Nowadays, I often hear affirmative action being paired with sentiments that imply Black and Latino students are only accepted to high ranking institutions because of their race. This showcases a common misinterpretation many have regarding what affirmative action truly is. In order to understand the scope of this issue, it’s important to define affirmative action in the context of college admissions amidst the constant misinformation surrounding it.

It is likely this misconception is based on the knowledge that there  was a point in time when affirmative action did often result in college acceptances solely based on the race of the applicant, through the practice of racial quotas. However, this is not the case today, as the use of racial quotas, in which colleges reserve a designated number of spots for students based on their race and admit them exclusively on that basis, was ruled unconstitutional in the 1978 Supreme Court case Regents of the University of California v. Bakke. In Bakke, the court also ruled the use of affirmative action policies to remedy the effects of racial discrimination unconstitutional. However, this was not the end of affirmative action. The court acknowledged a “compelling interest” in the educational benefits of having a diverse student body, which allowed them to consider race in admissions, so long as it was part of a holistic review rather than a racial quota. 

This set a precedent for the next decades, until the sister cases of Gratz v. Bollinger and Grutter v. Bollinger were brought to court in 2003. With Gratz, the Supreme Court deemed University of Michigan’s law school point-based admissions system unconstitutional. Previously, the University of Michigan granted admission to any applicant who scored more than 100 points on a 150-point scale. Members of underrepresented minorities were each granted 20 points right off the bat, and as a result, “virtually every” qualified applicant from these minority groups was admitted. The court found that the points system was unconstitutional because race had not been considered on an individualized basis, but rather on a larger level, similar to the use of racial quotas. With its sister case, Grutter v. Bollinger, however, affirmative action was further upheld on the basis that, in the case of Grutter v. Bollinger, race was considered on an individualized basis. 

Then, the final affirmative action court case of note is Fisher v. University of Texas, in which a white woman named Abigail Fisher sued the University of Texas over its race-conscious admissions policy in an attempt to overturn affirmative action. Although her efforts failed, and affirmative action was reaffirmed yet again, a ruling was made that limited affirmative action so it could only be used when race-neutral alternatives did not suffice.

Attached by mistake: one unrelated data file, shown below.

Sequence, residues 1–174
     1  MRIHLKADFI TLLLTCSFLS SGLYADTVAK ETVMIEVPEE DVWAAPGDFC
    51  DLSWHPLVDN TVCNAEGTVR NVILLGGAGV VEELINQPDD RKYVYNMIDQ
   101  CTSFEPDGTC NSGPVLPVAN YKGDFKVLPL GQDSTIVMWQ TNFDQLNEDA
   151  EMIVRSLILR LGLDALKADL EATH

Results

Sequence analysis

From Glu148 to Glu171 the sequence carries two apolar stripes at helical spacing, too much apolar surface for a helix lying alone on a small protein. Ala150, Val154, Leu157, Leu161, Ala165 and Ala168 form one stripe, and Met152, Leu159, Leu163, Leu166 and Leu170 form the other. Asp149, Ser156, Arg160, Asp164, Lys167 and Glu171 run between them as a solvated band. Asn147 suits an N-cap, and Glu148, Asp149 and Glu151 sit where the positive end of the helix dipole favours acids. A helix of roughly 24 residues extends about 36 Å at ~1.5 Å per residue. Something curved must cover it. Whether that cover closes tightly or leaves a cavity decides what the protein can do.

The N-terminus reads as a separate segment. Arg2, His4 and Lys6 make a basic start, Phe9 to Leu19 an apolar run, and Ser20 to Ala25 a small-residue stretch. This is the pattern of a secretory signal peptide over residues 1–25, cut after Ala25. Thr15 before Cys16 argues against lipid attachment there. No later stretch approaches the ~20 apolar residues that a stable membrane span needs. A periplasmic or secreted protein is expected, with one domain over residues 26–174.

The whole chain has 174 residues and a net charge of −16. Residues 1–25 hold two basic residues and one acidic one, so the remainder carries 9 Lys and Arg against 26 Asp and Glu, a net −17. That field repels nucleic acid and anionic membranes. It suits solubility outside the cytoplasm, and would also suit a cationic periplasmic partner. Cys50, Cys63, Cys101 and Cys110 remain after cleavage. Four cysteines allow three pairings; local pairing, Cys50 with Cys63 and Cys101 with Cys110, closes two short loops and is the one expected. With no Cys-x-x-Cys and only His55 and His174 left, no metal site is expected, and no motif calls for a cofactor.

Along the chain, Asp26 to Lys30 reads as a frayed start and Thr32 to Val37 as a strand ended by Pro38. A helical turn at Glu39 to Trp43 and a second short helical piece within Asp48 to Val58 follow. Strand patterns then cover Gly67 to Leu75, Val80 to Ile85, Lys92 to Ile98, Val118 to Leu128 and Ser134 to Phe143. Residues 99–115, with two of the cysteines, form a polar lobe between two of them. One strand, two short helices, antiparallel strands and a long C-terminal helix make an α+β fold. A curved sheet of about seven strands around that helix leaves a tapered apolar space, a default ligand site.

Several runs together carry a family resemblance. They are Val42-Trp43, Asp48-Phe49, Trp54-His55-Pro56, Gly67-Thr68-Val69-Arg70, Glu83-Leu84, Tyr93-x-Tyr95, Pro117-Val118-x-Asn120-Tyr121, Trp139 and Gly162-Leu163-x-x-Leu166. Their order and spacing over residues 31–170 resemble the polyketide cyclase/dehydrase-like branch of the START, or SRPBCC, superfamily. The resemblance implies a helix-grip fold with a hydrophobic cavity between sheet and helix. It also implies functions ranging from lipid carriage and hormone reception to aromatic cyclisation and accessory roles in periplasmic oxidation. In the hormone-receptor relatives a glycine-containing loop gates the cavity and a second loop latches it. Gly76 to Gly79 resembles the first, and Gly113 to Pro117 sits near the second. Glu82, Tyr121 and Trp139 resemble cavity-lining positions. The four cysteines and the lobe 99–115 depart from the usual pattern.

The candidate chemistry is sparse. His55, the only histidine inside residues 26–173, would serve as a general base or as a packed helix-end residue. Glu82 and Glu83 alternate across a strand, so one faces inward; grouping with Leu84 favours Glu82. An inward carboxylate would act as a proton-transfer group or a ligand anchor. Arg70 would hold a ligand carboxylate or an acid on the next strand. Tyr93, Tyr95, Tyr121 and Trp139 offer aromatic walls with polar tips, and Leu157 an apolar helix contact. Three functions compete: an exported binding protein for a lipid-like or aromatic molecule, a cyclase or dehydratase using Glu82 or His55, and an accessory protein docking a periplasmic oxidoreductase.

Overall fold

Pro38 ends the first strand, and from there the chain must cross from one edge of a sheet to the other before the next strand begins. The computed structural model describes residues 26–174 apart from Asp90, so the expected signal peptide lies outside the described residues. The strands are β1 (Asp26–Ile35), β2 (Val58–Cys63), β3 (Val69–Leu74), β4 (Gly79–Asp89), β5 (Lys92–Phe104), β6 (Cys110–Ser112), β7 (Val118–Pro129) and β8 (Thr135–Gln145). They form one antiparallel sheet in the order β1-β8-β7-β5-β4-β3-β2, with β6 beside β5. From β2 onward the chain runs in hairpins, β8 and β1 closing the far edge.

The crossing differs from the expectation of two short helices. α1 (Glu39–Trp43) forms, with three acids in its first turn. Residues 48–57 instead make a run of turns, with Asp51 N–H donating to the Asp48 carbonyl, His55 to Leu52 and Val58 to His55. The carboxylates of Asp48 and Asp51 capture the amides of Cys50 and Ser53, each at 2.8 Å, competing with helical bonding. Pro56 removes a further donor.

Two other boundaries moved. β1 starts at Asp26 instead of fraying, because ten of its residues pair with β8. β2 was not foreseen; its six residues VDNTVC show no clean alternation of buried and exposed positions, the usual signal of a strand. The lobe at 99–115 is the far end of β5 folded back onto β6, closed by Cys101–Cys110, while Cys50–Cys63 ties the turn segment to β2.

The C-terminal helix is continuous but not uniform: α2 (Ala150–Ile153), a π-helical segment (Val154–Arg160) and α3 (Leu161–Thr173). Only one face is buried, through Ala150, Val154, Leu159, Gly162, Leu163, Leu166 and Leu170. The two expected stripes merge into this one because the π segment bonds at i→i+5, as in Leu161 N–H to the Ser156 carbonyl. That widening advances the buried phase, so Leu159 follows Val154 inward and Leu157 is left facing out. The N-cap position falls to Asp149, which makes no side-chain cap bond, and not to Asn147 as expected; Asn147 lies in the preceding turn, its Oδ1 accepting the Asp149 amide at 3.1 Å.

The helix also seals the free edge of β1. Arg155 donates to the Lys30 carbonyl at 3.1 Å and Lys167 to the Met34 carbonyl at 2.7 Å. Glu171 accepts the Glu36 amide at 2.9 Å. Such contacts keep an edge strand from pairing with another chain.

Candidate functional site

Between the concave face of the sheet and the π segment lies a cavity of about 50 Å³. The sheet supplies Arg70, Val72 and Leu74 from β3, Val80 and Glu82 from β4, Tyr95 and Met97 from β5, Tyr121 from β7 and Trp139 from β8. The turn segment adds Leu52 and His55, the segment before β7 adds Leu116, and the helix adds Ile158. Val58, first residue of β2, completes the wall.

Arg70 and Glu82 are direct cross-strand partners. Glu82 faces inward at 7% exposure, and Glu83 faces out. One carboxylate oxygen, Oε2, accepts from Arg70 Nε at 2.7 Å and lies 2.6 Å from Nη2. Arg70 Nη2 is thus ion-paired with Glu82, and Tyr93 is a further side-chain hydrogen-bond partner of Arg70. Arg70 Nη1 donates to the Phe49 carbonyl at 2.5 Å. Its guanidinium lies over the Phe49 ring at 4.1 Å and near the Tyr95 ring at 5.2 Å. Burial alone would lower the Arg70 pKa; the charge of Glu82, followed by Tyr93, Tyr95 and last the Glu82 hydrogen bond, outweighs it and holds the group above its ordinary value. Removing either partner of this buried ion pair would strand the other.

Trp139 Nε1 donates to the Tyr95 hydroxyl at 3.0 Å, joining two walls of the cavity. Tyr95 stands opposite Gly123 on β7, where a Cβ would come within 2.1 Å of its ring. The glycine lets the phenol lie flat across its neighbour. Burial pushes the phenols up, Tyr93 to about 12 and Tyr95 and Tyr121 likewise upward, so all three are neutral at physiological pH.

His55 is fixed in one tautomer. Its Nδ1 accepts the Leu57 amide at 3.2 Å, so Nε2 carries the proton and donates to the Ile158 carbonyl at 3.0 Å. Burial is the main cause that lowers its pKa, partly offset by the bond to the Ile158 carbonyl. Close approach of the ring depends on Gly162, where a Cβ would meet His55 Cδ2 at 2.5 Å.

If these Supreme Court rulings tell us anything, it is that affirmative action does not allow any candidate to receive acceptances on the basis of their race. Rather, race can only be considered among a myriad of factors and has to be applied in a non-universal manner, and only when race-neutral measures don’t suffice.

Breaking down anti-affirmative arguments

Now that I have established a general understanding on what affirmative action is today, let us go back to SFAA’s arguments in the Harvard and UNC cases.

1. Number of Asian Americans admitted has plateaued at Harvard, despite a greater applicant pool, showing signs of “soft racial quotas.”

This claim is quick to dispel. The admitted class of 2016 was 20.7% Asian American, and ten years later, the percentage of Asian Americans in the admitted class of 2026 climbed up to 27.9%. While I could not obtain data regarding the demographics of the applicant pool, any claims about admission figures for Asian Americans being unvaried can be disproved by this noticeable rise of Asian American acceptances in the last ten years. This statistic is especially interesting when noting that Asian Americans only make up 5.9% of the American population, but over a quarter at premier institutions, such as Harvard. 

2. Race-neutral policies can harbor diversity in campuses.

On August 1, 2022, before the oral arguments were made on either of the prominent cases against affirmative action mentioned in the introduction, the UC president and its ten chancellors filed an amicus brief in favor of Harvard and UNC. An amicus brief is a legal document submitted by a person or group that is not a part of the legal case, but is allowed to help a court by providing information or expertise that is deemed to have important bearings on a case. 

Passed in 1996, Proposal 209 mandated that colleges of the UC system, and other state entities, could not use any affirmative action policies in their admissions practices. While diversity in classes did rise, with the UC system as a whole having its most diverse class in 2021, the brief states that there are two concerns that overshadow this achievement. Firstly, diversity gains were not shared among all campuses—and that it is diversity on the campus that is most relevant to students as it is where student interaction occurs. Lastly, the UC student population differs vastly from the California high school graduate population, warning that UC is not sufficiently enrolling students with diverse perspectives.